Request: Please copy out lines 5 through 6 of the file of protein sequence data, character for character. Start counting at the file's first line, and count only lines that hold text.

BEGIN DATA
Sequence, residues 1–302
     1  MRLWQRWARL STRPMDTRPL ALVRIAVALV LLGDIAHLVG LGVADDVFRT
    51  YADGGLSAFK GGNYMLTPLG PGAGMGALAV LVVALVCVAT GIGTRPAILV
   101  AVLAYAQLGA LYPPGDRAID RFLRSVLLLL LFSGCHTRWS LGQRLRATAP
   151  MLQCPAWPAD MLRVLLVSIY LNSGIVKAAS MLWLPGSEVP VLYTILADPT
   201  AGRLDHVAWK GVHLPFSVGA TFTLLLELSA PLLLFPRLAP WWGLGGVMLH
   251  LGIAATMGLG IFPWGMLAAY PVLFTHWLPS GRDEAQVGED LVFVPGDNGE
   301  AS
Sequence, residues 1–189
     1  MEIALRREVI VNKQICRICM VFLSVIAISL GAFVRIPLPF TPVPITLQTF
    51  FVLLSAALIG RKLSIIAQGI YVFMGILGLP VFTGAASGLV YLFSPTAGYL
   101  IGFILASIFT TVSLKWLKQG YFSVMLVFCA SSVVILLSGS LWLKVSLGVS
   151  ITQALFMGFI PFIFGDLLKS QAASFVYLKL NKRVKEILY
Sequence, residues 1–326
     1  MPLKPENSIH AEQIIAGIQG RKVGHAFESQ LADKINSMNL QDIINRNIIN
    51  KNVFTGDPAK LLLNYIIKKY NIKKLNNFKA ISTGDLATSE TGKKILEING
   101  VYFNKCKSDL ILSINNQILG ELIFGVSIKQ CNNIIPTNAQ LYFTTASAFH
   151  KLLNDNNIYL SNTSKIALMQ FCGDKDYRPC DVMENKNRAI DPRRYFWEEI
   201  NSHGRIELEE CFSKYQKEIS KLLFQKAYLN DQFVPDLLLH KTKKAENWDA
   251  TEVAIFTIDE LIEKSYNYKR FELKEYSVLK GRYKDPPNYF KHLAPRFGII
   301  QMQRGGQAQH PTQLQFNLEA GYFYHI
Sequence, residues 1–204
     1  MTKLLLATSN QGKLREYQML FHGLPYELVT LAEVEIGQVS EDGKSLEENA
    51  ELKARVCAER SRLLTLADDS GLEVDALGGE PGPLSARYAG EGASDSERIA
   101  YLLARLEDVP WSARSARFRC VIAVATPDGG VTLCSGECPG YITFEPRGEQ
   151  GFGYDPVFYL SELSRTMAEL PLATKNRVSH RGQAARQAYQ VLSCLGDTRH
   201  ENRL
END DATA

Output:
   151  MLQCPAWPAD MLRVLLVSIY LNSGIVKAAS MLWLPGSEVP VLYTILADPT
   201  AGRLDHVAWK GVHLPFSVGA TFTLLLELSA PLLLFPRLAP WWGLGGVMLH